Linoleum Printing and Coretta Scott King Award

20 02 2013

Ellen's Broom coverBecause this is Black History Month, I thought I’d highlight one of my favorites from the 2013 Coretta Scott King Awards. Ellen’s Broom, with art by Daniel Minter. I did mention it earlier in the month, but this time I wanted to explore the art a bit more closely.

Minter’s linoleum prints are painted with watercolor. After experimenting with lino prints this summer (see Jungle of the Night, 5th picture down), I now appreciate how difficult this medium is to work with. Artists who choose it know that they have a long process ahead of them.

First is warming and carving out the linoleum block. I found this the most difficult step, as you have to cut away whatever you don’t want to be printed. It’s the opposite of painting, because you’re taking away rather than adding. Getting delicate detail on the block without cutting away too much or leaving too much behind is a real art.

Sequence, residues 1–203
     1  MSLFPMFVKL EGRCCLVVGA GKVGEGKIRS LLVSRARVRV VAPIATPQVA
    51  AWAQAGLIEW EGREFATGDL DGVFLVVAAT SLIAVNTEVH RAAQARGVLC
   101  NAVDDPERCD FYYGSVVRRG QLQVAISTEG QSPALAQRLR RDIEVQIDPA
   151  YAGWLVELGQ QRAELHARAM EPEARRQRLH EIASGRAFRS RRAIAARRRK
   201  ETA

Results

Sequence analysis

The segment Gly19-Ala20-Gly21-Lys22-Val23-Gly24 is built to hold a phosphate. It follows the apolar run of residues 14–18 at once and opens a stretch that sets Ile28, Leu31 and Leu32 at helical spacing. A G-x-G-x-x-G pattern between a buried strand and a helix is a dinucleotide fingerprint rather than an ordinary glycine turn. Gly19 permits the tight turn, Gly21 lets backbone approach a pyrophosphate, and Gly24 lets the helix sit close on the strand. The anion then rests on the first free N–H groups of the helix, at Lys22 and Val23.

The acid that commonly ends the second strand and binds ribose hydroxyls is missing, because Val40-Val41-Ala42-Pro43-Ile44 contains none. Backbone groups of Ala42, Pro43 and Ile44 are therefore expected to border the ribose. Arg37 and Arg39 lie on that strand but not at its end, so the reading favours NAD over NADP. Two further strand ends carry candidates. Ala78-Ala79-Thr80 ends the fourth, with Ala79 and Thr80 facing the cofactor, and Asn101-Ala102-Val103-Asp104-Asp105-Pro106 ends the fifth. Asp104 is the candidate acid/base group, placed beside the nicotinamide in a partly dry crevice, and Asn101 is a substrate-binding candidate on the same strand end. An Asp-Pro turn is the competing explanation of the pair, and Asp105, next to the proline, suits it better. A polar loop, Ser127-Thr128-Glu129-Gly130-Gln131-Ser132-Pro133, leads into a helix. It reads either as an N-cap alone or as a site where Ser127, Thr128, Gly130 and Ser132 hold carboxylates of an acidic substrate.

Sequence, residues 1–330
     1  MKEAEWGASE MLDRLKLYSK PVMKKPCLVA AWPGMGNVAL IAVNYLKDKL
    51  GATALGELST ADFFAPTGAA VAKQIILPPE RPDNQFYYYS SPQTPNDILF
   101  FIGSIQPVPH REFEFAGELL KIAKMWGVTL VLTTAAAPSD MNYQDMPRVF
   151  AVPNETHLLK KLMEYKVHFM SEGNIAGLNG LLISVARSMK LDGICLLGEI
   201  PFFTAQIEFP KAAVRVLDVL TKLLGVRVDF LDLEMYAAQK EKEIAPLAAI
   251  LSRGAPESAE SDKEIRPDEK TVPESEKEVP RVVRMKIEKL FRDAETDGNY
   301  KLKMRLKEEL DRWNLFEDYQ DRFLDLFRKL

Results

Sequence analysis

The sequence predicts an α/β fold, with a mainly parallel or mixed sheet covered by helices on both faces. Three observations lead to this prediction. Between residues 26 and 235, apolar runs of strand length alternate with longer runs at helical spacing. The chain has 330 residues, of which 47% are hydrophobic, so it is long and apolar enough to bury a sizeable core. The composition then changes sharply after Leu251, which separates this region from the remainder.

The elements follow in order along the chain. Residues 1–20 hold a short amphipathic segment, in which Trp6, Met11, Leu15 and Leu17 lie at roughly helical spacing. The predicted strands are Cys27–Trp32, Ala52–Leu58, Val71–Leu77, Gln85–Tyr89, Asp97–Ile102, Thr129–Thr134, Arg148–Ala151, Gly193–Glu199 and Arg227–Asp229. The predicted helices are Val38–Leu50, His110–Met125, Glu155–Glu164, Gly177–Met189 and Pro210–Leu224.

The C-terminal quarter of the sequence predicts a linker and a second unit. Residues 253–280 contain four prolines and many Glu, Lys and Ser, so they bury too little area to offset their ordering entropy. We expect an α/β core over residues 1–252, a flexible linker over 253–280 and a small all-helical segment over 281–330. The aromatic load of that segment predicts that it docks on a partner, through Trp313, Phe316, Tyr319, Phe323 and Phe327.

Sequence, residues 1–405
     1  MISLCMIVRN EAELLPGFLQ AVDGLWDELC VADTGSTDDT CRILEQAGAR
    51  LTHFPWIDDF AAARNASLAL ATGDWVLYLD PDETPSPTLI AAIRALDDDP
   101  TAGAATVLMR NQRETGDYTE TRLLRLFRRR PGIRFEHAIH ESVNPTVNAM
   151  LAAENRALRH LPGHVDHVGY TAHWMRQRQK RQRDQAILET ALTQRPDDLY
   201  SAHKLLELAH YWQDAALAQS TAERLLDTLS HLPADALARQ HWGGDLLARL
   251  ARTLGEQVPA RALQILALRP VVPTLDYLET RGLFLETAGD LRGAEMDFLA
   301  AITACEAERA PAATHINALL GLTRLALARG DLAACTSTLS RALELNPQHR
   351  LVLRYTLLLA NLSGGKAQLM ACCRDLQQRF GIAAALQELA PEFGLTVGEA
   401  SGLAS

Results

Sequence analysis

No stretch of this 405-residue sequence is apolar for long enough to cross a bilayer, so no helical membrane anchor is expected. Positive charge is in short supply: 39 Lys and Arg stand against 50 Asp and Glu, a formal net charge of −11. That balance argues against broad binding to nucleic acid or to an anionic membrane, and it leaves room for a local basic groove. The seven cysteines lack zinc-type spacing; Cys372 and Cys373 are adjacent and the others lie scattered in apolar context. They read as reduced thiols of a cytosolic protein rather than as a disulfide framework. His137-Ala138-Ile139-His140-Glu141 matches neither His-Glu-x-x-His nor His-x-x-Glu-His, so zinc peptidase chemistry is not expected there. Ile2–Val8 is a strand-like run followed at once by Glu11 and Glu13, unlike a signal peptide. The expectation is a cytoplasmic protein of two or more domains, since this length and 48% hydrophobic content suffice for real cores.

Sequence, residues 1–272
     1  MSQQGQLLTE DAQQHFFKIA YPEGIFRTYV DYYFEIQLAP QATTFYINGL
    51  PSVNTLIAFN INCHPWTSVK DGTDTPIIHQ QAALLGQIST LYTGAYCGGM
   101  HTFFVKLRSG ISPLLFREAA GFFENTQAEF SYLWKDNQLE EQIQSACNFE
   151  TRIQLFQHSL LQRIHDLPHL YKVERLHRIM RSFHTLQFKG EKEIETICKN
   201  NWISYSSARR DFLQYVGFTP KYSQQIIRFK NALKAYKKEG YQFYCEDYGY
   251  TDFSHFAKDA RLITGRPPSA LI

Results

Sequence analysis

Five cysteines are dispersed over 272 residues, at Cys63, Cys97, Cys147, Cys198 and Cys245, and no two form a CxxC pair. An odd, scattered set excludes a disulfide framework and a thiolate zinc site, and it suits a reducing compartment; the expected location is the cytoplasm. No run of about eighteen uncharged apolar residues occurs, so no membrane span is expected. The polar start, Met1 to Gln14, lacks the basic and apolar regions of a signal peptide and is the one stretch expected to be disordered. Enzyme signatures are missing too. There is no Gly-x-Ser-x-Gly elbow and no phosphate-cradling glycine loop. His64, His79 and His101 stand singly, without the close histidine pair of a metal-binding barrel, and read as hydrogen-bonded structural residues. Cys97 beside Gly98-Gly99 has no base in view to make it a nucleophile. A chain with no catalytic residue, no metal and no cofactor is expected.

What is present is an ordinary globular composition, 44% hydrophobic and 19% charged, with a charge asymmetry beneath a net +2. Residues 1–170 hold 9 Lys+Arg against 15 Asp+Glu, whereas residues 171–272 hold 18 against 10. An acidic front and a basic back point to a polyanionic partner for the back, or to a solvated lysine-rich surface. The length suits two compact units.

Once that’s complete, the block must be inked and prints pulled. Once the prints dry, the painting begins. If you make a mistake at that point, it means starting over. (And how do I know this? Don’t ask.)

Minter’s details are amazing, and deserving of the award.* But I also want to mention the great story by Kelly Starling Lyons. I’ve highlighted Kelly’s writing on my blog before, so if you’re interested in finding out more about her, you can read about her One Million Men and Me, which tells about her books and her childhood.

*Interesting fact: Did you know that only one book illustrated with linoleum prints ever won the Caldecott?

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